CBN News has learned Islamic State gunmen in Syria opened fire on a car carrying Armenian Christian leaders on Monday, killing two priests and wounding a deacon.
International Christian Concern reports the attack on the vehicle took place as the three church officials were traveling from the Syrian city of Qamishli to Deir ez-Zor.
ISIS's official Amaq media outlet claimed responsibility, saying, "Two Christian priests were killed today, ISIS shot them down."
In addition, three nearly simultaneous car bombings occurred in the city of Qamishli, which is well known for its religious and ethnic diversity. One of the explosions occurred near a Chaldean church.
The Armenian church leaders were traveling to Deir ez-Zor to inspect an Armenian Catholic Church which has suffered damage due to the Syrian conflict. Father Hanna Bidu, also known as Father Abrahim Petoyan, was killed instantly during the attack. His son, known as Father Hovsep Petoyan, reportedly succumbed to his injuries in the hospital. The deacon, Fati Sano from the Armenian al-Hassakeh Church, was wounded.
"(An) armed group at the entrance of the Syrian city of Deir ez-Zor was targeting a car that was carrying the father," reported the Assyrian Monitor for Human Rights. "This armed group targeted and killed the priest and his father, while the third person was injured. The Father and his companions were headed to Deir ez-Zor city this Monday morning on a mission to follow the status of the Armenian Catholic Church."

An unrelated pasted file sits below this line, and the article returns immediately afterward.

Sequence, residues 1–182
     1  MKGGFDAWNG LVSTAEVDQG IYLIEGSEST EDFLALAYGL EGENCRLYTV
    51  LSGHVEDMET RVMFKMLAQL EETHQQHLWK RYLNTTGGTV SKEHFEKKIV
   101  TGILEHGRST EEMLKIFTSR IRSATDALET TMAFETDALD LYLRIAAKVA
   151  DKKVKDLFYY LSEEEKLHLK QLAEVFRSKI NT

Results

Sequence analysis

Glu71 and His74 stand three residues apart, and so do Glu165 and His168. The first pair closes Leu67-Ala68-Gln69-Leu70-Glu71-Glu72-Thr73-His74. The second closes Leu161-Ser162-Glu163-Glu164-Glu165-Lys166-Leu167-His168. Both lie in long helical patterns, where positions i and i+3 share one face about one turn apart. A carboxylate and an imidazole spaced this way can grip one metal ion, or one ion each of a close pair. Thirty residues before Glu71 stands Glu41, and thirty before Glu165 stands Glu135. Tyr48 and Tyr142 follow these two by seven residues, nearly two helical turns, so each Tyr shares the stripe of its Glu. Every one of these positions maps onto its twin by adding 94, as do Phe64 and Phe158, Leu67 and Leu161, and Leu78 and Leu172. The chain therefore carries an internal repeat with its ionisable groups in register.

The incident was confirmed by the Syrian Observatory for Human Rights. Video footage obtained by Hawar News shows that the car used by the priests had a special tag in its front window which acknowledged that it was traveling for business with the Armenian Catholic Church. The video shows significant frontal damage to the vehicle, placing the two front-seat occupants within a direct line of fire.
"Pastor of the Armenian Catholic Community of Qamishli, Priest Hovsep Petoyan, and his father, Priest Abraham Petoyan, were traveling in a vehicle en route to Deir ez-Zor when terrorists opened gunfire on their car and killed them," the Armenian Press reported. "The Armenian Catholic priests were heading to inspect the condition of the Catholic Church."
ISIS was officially declared militarily defeated in Syria this past March. However, reprisal attacks following the October death of ISIS leader al-Baghdadi in Syria were expected. Turkey's invasion of northern Syria also prompted fears that it would allow opportunities for ISIS militants to take advantage of the resulting chaos. This is the first deadly incident since its military defeat in which ISIS has successfully targeted church leaders in the Levant.
"Today's violence in northern Syria and the targeting of Armenian leadership is a tragedy that deeply wounds the region's entire Christian community," said Claire Evans, ICC's regional manager for the Middle East. "Christians have long warned that ISIS will seek every opportunity to continue its genocide against religious minorities."
"Meanwhile, Turkey's actions in the area have generated an environment of instability. Armenian Christians, whose ancestors were killed by Turkey's genocide, find themselves caught between violent actors across all of Syria," she continued. "We must keep the Christian community of Syria in our prayers, and urge for an end to this senseless conflict."